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All over the country, Americans are getting relief at the pump. Gas prices dropped an average of about $0.50 per gallon from June through October, and market trends are expected to keep the price down for a few months more.
So, what’s going on? Did we suddenly find a lot more oil? Are fossil fuels reversing their decades-long march upward? In this case, the shift in oil has to do more with business strategy than availability or politics. Here are the major factors responsible for the relaxed prices:
The boom in shale oil fracking has turned the United States into a major producer in the world oil markets. Since the United States uses more oil than anyone (almost double that of the next highest consumer, China, in 2012), a change in its importing and production is likely going to have a big impact on market value.
However, while the United States is moving toward energy independence, its fracking boom has been sustained only by high oil prices. Fracking costs around 10 times more than the traditional oil pumping done in some OPEC countries. Fracking needs expensive oil to be profitable and practical.
To smother the success of fracking, Saudi Arabia and Kuwait have increased their production to drive down oil prices. At the moment, they are more interested in discouraging fracking operations than they are in getting the highest price. With their strong cash reserves, they have few qualms about a temporary drop in profitability to prevent countries from developing their own oil reserves.
The other major factor is OPEC’s desire to protect and grow the global demand for oil. When oil prices are high or the economy is bad, most countries cut back on consumption and look for alternate fuel sources.
Economic news from the past few months has been far from stellar. Many Eurozone countries are facing renewed recession, and growth in developing economies like China and Brazil has been slowing. Lowering oil prices can help support economic growth in these countries and, in time, create greater demand for oil when things improve.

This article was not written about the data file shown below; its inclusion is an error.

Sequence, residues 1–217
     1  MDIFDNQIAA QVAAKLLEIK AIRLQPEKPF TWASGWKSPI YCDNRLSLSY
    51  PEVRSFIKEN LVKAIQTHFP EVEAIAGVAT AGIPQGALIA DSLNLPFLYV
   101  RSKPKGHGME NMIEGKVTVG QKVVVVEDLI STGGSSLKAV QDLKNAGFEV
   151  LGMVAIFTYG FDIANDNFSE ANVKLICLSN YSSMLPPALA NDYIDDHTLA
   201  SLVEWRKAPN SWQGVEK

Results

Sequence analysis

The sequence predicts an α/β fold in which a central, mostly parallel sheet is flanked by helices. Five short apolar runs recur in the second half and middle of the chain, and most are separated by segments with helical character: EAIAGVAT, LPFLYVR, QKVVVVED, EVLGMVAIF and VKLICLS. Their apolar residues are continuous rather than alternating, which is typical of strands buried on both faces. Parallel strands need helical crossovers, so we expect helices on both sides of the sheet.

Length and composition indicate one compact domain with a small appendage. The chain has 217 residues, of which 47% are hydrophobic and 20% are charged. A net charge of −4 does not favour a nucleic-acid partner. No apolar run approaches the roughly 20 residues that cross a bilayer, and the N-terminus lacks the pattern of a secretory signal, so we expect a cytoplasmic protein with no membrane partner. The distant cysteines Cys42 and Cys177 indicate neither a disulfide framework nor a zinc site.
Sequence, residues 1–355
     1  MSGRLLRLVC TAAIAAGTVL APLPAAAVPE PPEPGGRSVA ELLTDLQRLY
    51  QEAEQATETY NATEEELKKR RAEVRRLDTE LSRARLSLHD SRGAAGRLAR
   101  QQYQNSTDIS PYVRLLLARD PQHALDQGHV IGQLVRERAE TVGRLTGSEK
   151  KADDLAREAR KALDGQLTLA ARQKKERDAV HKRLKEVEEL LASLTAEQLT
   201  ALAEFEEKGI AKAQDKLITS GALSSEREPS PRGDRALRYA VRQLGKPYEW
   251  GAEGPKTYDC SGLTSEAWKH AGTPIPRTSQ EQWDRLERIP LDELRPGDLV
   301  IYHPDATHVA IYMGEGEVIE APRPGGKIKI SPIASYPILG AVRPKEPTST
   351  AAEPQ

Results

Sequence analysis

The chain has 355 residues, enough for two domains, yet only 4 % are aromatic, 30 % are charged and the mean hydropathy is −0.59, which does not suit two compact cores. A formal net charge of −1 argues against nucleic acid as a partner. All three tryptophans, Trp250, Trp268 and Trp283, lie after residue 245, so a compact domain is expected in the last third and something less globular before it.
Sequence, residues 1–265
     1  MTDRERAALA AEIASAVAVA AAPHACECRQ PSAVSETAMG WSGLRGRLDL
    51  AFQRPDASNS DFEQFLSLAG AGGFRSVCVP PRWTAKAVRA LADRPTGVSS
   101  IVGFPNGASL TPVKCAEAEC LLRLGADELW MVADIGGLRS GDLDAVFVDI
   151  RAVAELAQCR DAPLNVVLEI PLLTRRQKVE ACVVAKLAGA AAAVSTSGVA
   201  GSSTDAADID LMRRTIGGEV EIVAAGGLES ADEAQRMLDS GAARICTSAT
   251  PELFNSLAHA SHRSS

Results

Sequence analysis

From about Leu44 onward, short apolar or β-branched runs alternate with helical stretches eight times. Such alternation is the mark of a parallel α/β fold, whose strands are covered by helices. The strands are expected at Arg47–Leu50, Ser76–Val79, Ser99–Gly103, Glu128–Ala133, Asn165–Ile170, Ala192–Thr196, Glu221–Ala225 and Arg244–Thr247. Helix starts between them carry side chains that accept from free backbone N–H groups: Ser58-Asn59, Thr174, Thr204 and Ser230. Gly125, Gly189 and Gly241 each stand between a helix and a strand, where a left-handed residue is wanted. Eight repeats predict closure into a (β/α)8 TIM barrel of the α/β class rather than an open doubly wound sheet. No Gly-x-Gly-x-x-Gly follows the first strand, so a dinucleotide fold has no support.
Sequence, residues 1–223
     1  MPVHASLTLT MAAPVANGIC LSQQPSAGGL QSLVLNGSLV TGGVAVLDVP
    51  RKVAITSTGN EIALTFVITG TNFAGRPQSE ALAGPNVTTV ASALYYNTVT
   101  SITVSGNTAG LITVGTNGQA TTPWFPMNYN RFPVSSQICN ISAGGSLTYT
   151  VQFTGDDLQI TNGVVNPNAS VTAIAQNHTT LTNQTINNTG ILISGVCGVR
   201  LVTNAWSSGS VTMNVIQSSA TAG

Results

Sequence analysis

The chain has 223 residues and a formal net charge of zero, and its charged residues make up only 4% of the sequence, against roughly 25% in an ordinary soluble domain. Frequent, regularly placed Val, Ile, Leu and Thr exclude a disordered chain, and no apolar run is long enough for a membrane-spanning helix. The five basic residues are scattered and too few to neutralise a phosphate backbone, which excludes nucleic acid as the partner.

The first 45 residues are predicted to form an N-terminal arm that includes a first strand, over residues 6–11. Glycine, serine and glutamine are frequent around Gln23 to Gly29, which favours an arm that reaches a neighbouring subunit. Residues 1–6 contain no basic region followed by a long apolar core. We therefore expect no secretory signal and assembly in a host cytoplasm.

As for the United States, demand for gasoline has been somewhat slowing despite the growing economy. The total number of miles driven in the country has been flat or down since the Great Recession, while vehicle fuel efficiency is greater than ever. This trend is expected to continue to increase as older cars continue to drop out of the market and more people move to metro areas. A drop in gas prices reduces the pressure for these improvements and encourages driving, helping to keep demand for oil high.
The goal of the major OPEC players is clearly to drive out smaller competition and secure a larger future market. However, the damage of cheap oil goes beyond the falling margins of shale oil companies.
In particular, countries that have limited, but essential, oil exports are taking a beating from the low prices (e.g. Russia, Iran and Venezuela). These countries, some of which are OPEC members, have limited markets to service—they need reasonable profits from what they manage to sell and have little chance of getting a larger market share from this whole ordeal.
To a lesser extent, green technology may also be hurt by this recent shift. Any time fossil fuels get cheap, interest in renewable energy dips. However, it will likely require several quarters of low fuel prices to really damage long-term interest in the green energy sector.
Right now, American drivers are the ones getting the most from the oil price war. However, if we lose our domestic oil production and increase our gas dependency, this current relief will have a negative long-term effect on the country.
It’s difficult to estimate how long OPEC will allow prices to decline or when crude prices will climb again. Despite all the known factors, oil prices are a notoriously difficult commodity to anticipate. Even the best theories cannot account for surprise factors like international conflict, terrorism or technological developments. The safest way to profit from the current oil market is to just enjoy the extra savings the next time you fill up.
Remember that past performance may not indicate future results. Different types of investments involve varying degrees of risk, and there can be no assurance that the future performance of any specific investment, strategy, or product referenced directly or indirectly in this newsletter will be profitable, equal any corresponding historical performance level(s), be suitable for your portfolio or individual situation, or prove successful. You should not assume that any information contained in this newsletter serves as the receipt of personalized investment advice. If a reader has questions regarding the applicability of any specific issue discussed to their individual situation, they are encouraged to consult with a professional adviser.
This article was written by Advicent Solutions, an entity unrelated to Guidestream Financial, Inc.. The information contained in this article is not intended to be tax, investment, or legal advice, and it may not be relied on for the purpose of avoiding any tax penalties. Guidestream Financial, Inc. does not provide tax or legal advice. You are encouraged to consult with your tax advisor or attorney regarding specific tax issues. © 2014 Advicent Solutions. All rights reserved.